investigating border violence, fostering mobility justice: (in)visibilities of arieal surveillance

live blogging AMRO

The Mediterranean isbecoming a militarised border.

Border Forensics is looking at border violence and policing. They are documenting this violence. They rely some on human rights reports and try to augment them with visible data. They are part of network of forensic organisations creating documentation and demanding investigation.

The “left to die” boat was a rubber raft that was tracked leaving Tripoli. They called for help and then entered the Maltese search and rescue zone. 9 out of 72 people died after their boat ran out of fuel and was left to drift for weeks until it drifted back to Tripoli. They had a legal right to assistance and.multiple contacts with state authorities.

A ship wreck in April of last year had 130 passengers which radioed for help and spoke to alarm phone. Alarm phone contacted the EU border frontex, who sighted the boat, but did not help. The Libyan coast card intercepted them and did not help. A merchant boat passed closeby but also didn’t help.

Merchabt boats began to search for them overnight, but nothing was seen until wreckage and bodies were found.

These cases were ten years apart. They were both in a highly surveiled area. Airplanes doing border patrol saw both boats.

There are no survivors from April and thus no witness testimony.

In those ten years, there’s been a shift from sea to sky. Aircraft are used to surveil, but can’t rescue people or bring them to Europe. The duty of rescue only legally applies to boats. The planes radio Libya who capture and mistreat the would-be migrants.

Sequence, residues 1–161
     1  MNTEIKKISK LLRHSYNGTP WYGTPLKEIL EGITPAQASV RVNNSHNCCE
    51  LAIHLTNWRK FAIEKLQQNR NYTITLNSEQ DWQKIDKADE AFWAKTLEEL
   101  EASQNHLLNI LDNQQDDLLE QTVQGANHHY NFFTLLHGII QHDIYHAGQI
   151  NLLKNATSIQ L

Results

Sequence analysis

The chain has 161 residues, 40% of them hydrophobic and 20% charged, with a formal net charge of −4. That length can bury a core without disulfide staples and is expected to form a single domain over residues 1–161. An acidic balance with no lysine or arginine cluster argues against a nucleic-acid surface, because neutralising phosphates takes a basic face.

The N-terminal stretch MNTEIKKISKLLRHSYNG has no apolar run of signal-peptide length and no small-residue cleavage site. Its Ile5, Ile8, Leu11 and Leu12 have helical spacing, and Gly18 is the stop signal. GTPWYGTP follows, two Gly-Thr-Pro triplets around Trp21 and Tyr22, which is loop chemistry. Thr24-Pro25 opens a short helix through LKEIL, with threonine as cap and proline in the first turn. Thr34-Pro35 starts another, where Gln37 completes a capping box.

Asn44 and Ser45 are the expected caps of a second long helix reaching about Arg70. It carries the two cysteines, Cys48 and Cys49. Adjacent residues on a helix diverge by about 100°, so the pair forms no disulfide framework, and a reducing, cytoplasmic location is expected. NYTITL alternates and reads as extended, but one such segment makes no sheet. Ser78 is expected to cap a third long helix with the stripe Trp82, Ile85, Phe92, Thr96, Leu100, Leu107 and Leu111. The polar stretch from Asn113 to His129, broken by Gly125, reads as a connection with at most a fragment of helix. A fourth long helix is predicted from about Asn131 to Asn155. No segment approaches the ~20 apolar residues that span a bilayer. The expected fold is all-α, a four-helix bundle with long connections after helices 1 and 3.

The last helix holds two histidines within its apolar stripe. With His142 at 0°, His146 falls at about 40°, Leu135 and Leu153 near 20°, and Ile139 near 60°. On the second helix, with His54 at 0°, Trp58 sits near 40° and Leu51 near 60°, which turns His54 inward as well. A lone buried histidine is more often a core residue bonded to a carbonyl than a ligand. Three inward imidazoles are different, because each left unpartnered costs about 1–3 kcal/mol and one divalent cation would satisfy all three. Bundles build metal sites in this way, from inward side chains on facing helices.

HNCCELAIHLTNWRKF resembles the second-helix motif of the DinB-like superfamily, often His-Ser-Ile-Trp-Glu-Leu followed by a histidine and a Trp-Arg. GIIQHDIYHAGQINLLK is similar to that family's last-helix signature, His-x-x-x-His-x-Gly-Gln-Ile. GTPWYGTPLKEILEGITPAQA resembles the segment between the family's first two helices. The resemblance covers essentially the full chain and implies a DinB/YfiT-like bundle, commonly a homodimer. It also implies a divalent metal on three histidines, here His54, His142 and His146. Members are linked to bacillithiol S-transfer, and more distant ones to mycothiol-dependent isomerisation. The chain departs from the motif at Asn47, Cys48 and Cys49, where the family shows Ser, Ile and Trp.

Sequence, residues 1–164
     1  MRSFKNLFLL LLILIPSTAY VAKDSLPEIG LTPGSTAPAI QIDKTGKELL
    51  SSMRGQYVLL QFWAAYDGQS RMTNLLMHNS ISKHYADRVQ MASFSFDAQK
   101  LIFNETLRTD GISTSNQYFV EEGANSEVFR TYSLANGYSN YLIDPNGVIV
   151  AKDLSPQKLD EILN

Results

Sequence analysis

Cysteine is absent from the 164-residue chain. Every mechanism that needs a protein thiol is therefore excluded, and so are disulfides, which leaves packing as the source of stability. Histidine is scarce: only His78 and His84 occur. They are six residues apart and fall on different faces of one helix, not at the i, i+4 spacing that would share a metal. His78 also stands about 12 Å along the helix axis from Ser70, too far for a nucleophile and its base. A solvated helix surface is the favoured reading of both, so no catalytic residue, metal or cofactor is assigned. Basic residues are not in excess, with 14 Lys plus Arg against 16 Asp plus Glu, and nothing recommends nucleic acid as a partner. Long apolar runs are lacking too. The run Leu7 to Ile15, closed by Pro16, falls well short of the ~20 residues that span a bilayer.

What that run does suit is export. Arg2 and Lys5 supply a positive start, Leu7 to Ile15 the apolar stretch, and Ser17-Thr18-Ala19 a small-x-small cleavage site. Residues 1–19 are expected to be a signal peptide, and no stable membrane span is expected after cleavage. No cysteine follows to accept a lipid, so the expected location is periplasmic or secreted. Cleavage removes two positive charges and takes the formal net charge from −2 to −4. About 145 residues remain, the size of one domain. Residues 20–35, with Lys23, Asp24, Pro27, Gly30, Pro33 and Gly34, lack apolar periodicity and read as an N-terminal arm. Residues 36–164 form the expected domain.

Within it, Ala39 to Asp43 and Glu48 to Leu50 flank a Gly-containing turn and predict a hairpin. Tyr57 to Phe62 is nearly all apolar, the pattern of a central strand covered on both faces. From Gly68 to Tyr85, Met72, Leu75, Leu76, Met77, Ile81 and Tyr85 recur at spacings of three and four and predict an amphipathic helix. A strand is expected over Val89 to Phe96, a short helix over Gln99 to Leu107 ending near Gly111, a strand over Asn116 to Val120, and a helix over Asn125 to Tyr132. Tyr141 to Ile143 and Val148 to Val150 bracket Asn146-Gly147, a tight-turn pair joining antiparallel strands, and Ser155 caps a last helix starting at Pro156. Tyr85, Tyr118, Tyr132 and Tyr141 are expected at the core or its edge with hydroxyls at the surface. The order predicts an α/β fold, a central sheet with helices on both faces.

In 2014 Mare Nostrum saved thousands of lives but couldn’t get EU funding. Frontex Operation Tritone was cheaper and covered a smaller area. Their budget got bigger and bigger. In 2018 they launched a new mission, with far fewer naval assets, relying more and more on planes and drones.

Italy and the EU have paid Libya to increase its coverage area.

Frontex is difficult to research and its hard to FOI them.

The presence of drones but the absence of boats is a form of structural violence.

Policies and decisions are also not transparent.

Frontex’s drone is also hard to perceive.

There’s a link between aerial surveillance and increased interception. They want to map their data.

Cross referencing aerial data with geolocation data from the boat is a major technical challenge.

Frontex uses what’s app to contact the Libyan coast guard.

Frontex uses a heron drone. Its hard to tell if a drone has seen a boat on distress by looking at the track. The track also is fragmented. The drone thus escapes oversight.

Aerial surveillance was an infrastructure decision that shows a policy of structural violence. They attempt to escape accountability.

Activism and demanding accountability is the most usefulthing to do.

Published by

Charles Céleste Hutchins

Supercolliding since 2003

Leave a Reply

Your email address will not be published.

This site uses Akismet to reduce spam. Learn how your comment data is processed.